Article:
Going to William & Mary from Out-of-State

NOVA? DMV? Nats? Caps?

What do all these terms mean?

As an out-of-state student, coming to William & Mary was a bit of a culture shock. I am from Marietta, Georgia which is a suburb of Atlanta. The most I knew about Virginia before arriving in Williamsburg in August 0f 2018 was that the Battle of Yorktown was fought in the state and that it was from where George Washington and Thomas Jefferson were. Past that, I was a complete newbie. Upon arriving for orientation, however, I was being bombarded with all of the terms listed above along with different Virginia cities as though I should know where they were! I had no idea where Fairfax or Midlothian, Virginia were, and I was too nervous to ask because it seemed as though I should have already known!

As I settled into my first semester, though, I began to pick up on what these terms meant. NOVA=Northern Virginia. DMV is not where you go to get your license but is D.C., Maryland, and Virginia. The Nats and the Caps are the D.C. baseball and hockey teams, respectively. And, as I started figuring these out, I began to realize that being an out-of-state student brings a unique perspective into the classroom and into social situations. Many Virginians I met were interested about what it meant to grow up in Georgia, and how it is to be a “true” Southerner. As a history major, I have taken multiple classes on American history and was able to share about Georgia’s history with classmates who had a deep understanding of Virginia history but not so much on the other states.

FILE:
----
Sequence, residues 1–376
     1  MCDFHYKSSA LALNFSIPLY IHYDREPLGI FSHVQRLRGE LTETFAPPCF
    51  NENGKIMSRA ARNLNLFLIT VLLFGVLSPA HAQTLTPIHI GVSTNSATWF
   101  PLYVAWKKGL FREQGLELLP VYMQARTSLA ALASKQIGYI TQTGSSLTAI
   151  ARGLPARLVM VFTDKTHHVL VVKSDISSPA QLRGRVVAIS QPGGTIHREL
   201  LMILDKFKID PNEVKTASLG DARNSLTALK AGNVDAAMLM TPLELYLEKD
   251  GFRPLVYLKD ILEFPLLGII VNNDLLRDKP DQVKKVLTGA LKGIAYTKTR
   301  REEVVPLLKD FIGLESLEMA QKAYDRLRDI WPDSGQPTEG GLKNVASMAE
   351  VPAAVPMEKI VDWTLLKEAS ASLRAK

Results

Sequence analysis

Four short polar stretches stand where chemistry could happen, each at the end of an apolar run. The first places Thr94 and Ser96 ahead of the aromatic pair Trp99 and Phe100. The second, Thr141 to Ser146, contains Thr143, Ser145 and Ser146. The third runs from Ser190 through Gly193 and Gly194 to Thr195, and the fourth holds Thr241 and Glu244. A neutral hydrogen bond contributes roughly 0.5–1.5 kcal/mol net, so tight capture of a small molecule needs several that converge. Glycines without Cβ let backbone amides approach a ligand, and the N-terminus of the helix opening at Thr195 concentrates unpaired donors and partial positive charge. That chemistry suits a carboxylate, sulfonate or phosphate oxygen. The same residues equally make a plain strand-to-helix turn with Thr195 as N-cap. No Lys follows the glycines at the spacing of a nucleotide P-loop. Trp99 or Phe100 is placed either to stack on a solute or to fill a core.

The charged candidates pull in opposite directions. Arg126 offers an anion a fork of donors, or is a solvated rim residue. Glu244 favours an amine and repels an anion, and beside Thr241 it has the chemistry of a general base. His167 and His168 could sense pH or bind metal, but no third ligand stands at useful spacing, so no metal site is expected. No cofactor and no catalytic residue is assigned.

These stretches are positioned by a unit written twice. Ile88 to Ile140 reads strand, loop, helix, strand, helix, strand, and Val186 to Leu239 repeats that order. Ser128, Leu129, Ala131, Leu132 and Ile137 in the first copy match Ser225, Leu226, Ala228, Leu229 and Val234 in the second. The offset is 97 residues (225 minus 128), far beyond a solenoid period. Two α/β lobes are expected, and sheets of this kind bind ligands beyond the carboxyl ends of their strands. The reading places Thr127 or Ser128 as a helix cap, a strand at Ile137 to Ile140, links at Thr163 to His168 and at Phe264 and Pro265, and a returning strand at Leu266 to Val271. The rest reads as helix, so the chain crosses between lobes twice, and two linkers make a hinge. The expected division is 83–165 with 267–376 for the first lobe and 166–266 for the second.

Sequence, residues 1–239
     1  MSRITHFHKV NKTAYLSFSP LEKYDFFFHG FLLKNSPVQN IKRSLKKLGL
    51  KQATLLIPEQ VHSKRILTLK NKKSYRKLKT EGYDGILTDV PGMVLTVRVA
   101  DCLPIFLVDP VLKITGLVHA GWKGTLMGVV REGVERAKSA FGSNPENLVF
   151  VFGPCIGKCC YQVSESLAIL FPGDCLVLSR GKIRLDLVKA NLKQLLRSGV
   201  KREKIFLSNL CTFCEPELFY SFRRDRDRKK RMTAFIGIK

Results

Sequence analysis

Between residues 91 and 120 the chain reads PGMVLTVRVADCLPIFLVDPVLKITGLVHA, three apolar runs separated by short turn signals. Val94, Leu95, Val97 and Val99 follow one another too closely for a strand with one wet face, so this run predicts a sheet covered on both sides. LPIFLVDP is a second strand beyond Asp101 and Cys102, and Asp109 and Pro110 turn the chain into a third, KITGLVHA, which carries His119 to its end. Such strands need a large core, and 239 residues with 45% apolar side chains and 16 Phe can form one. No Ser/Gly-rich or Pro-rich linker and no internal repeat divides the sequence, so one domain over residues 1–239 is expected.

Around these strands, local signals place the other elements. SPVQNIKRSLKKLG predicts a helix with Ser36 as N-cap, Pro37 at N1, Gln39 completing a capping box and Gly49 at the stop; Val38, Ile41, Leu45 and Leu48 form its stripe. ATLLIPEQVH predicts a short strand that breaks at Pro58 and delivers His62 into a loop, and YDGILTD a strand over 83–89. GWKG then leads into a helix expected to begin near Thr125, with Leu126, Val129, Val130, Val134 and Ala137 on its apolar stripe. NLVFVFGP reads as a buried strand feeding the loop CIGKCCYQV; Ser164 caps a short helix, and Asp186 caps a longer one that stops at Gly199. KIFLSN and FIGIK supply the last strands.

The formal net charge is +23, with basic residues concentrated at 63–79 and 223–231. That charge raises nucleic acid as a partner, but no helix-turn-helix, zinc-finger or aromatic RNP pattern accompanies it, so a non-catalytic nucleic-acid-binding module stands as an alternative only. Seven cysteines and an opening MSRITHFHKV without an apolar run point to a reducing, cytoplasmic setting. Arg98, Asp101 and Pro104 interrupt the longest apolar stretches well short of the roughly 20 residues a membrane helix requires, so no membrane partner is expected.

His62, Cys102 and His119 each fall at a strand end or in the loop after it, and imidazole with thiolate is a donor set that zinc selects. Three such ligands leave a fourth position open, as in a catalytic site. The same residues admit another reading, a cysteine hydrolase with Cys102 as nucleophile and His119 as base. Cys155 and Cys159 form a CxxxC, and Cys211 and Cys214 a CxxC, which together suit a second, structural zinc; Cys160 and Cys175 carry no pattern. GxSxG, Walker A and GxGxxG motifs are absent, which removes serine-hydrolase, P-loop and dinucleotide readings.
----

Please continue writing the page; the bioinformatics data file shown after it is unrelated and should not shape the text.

Being an out-of-state student has also put me in some rather amusing situations. I have been told that I don’t dress like Virginia girls which made me laugh, and I have also been told that I can have a Southern accent which I had never noticed. Through it all, though, I have developed both a deeper love for Virginia as my college home and for Georgia as my birth state. I love Virginia’s deep roots in history, and I love Georgia for its Waffle Houses and Coca-Cola.

So, to all of the students who are either applying or have been accepted from out-of-state, don’t be nervous about coming to Virginia. The Virginians are very welcoming people, even if they claim their state is the best (it’s not; that honor goes to Georgia, of course). Being an out-of-state student makes you special here and provides you with a great talking point.

Categories: Admission, Arts & Culture, Campus Life, Diversity, Student Blogs
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  1. Dave
  2. Sam Windsor
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